Reclaim The Night, the annual Students’ Union (SU)-led march from Owens Park to the SU, has called on Manchester City Council to make women’s safety a priority.
The protest had specifically targeted the Council “improve the street lighting provisions in student areas. We also call for an increased police presence”, “stop the cuts to Women’s shelters and increase funding for local services that support victims”, and “do more to increase awareness of where victims can report acts of harassment, assault, and violence.”
In a speech to the estimated 3500-strong crowd gathered at the Union following the march, SU Women’s Officer Sara Heddi reiterated the protest’s aims.
The march began at 7pm at Owens Park, led by Heddi, who passionately encouraged marchers to sing and express their anger at the current system in place to protect women. The rally following the march drew in hundreds.
Reclaim the Night, led by student and non-student representatives featured a Muslim-only, ‘pro-choice’, youth and families, and an LGBTQ+ bloc, as well as the women-only section in which anyone identifying as a woman could participate. If men wished to march in the event they were placed in the mixed bloc which featured all genders, ethnicities, and religions.
In the run-up to the event, SU Liberation and Access Officer Sara Khan raised concerns about the inclusivity of trans people in a statement to The Mancunion, saying: “We need to platform the voices of trans people, and provide political education about cis-normative violence and police violence.”
It had been previously reported that Khan would not march at Reclaim The Night, which was confirmed by her no-show.
In response, a spokesperson for the SU Executive Officers said: “We completely acknowledge the concerns raised by the Liberation and Access Officer.
“The SU Executive Officer team would also like to express that no concerns were raised during the executive team meetings when discussions about Reclaim the Night were brought up. The Exec team are surprised about the claims and concerns raised just before the march but are determined to address the concerns the best we can do with the time that we have, and then will look to further improve future events.”
One trans student who chose to stay anonymous said: “Violence against women is obviously something that’s a terrible thing that happens, and I feel as though it happens to all sorts of women. That includes women of colour, trans women, LGBT women, and so on.
“I recognise that sometimes such events that are very broadly about women tend not to have too many trans women or women of colour. I also think The University of Manchester has a good stance when it comes to looking after trans people.”
Many victims of sexual harassment have taken the liberty to post about their experiences in the student populated areas of Manchester on popular Facebook page, ‘Fallowfield Students’ Group’, because many feel the lack of safety protocol by police in the area.
Since 2016, the number of reported cases of sexual harassment have increased by 64% in the UK. Women who marched on the night called on the Council to encourage more organisations to become hate crime reporting centres, with aims to double the number of Third Party Hate Crime Reporting Centres in Manchester by 2020.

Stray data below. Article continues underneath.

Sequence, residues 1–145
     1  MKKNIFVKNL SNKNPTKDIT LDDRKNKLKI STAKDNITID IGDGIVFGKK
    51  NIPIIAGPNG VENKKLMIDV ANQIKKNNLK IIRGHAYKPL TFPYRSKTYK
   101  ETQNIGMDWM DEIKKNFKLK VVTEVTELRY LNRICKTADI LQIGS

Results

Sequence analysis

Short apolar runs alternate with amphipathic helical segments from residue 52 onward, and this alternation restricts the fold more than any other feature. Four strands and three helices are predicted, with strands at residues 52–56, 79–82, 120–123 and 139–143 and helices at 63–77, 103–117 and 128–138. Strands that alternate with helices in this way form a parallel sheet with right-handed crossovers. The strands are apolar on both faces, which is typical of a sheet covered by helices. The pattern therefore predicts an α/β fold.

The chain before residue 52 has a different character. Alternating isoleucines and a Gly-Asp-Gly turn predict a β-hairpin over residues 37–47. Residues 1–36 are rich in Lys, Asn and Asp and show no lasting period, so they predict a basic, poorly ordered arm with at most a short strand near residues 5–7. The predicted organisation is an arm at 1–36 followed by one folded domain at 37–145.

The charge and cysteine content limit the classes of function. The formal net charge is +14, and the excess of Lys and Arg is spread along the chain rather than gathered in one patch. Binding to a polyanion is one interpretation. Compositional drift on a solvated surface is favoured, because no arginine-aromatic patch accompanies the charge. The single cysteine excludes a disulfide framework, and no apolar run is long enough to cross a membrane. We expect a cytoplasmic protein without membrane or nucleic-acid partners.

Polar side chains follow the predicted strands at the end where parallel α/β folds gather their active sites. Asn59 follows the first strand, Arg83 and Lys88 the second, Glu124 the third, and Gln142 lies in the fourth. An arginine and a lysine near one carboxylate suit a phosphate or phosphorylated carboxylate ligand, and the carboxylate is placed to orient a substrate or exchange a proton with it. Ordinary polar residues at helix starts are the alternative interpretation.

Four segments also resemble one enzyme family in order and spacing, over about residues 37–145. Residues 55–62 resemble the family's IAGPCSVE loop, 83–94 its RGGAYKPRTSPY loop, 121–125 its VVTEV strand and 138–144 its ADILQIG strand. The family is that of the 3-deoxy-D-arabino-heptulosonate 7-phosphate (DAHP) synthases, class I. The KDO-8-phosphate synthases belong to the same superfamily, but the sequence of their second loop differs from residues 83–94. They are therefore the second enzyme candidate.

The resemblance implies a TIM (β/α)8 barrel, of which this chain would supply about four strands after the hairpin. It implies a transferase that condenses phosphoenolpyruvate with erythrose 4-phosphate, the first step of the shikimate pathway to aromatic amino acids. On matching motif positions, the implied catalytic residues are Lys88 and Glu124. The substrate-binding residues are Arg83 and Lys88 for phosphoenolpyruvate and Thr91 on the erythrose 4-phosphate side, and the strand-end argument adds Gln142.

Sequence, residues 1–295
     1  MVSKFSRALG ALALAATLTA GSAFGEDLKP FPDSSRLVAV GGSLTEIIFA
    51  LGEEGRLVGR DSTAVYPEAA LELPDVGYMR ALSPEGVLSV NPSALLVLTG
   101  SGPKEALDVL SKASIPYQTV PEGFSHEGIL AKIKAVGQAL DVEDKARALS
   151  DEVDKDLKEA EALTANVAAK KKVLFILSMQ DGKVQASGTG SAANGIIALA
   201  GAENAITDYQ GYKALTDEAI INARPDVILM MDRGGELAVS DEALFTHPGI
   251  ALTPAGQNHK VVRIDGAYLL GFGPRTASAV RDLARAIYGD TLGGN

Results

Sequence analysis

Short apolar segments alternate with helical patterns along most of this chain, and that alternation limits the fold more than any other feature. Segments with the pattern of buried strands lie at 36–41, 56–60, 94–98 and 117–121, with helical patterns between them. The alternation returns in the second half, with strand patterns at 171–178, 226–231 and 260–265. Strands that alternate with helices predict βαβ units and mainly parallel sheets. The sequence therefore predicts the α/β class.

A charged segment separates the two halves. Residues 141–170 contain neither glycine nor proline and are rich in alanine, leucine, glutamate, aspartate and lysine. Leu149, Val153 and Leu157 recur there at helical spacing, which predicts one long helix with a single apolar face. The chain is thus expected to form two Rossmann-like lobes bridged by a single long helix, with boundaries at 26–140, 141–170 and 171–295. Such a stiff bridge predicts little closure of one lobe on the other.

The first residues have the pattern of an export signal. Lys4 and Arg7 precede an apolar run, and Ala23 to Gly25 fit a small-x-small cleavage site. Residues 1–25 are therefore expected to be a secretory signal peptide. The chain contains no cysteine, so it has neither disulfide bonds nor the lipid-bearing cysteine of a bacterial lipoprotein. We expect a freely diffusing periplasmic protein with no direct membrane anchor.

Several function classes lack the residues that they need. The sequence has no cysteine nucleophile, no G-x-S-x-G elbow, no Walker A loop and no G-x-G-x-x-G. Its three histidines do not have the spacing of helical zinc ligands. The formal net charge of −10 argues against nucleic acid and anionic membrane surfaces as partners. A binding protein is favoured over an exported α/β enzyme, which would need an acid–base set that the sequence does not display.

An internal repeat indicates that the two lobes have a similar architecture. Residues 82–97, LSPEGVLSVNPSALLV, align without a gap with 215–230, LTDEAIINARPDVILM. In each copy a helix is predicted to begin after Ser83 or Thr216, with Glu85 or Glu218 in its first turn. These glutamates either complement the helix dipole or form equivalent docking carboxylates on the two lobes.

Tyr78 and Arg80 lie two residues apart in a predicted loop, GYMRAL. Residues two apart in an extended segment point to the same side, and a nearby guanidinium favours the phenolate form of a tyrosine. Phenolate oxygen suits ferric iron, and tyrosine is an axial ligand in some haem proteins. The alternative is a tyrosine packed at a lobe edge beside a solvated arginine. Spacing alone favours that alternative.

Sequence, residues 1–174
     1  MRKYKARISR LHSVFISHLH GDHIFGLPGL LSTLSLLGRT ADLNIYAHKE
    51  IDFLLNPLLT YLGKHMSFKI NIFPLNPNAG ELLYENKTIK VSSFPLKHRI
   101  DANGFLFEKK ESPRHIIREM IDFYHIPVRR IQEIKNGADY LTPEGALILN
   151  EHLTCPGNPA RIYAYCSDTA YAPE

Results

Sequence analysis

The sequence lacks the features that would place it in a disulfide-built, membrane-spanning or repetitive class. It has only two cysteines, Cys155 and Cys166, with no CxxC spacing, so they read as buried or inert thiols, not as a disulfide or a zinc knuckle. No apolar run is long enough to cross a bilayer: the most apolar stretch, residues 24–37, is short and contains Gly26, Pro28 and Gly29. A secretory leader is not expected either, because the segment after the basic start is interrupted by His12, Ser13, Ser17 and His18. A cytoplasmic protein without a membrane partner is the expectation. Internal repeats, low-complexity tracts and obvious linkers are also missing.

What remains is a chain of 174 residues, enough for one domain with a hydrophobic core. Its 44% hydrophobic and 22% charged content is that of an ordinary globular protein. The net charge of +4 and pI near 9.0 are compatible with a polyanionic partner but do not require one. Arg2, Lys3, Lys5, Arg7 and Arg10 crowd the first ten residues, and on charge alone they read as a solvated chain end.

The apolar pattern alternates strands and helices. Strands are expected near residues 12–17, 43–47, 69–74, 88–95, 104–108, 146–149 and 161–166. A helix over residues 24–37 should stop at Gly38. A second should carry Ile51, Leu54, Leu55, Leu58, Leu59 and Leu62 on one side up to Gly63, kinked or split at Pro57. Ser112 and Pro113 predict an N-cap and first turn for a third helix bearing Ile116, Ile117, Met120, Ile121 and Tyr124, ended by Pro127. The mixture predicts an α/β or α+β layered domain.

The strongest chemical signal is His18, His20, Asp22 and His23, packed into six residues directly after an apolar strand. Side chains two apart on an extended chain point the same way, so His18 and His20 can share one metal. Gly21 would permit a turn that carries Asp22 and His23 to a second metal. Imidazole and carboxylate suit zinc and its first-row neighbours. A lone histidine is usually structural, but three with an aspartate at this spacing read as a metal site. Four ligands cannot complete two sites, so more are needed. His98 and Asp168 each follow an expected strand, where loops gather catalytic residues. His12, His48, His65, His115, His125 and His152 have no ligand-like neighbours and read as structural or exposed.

In a statement, Deputy Leader of Manchester City Council, Councillor Nigel Murphy, commented: “The safety of all of our residents is of paramount importance to Manchester City Council and we want to reassure the public that this city is a safe place to work, study and visit.
“Manchester City Council works closely with Greater Manchester Police, the Universities and other partners to address student safety across the city. Street lighting in student areas will meet national standards in terms of brightness and coverage but we are always open to discussing with students where and how we can improve.
“We shall continue to work closely with our partners in GMP as well as the charity and voluntary sector to support any and all victims, and work with communities to deliver effective support services.”
“In recent years we have seen an increase in hates crimes. Hate crime is a serious social issue that has a significant impact on its victims, families and the community.
Emilia Jenkins, part-time Women’s Officer said: “I do quite a lot of work around the education on the aftermath of sexual assault and so I think this is an absolutely vital march for people like myself who have been sexually assaulted, it’s just so nice to have a show of support from all the community. It makes you feel like you are not alone which is something I really champion in my work so I’m so happy to be here.”
Anuli Changa, a third-year Law student, who also modelled for the ‘Reclaim the Night t-shirt’ fundraising campaign, added: “I’ve been to the Reclaim the Night march every year I’ve lived in Manchester. It’s an incredible atmosphere of solidarity and fearlessness that everyone should experience. I find it particularly enjoyable that the march takes along the curry mile, notoriously uncomfortable to walk along at night.”
All profits made from the t-shirt sales went to charity Manchester Rape Crisis, an organisation that supports victims of sexual harassment and violence.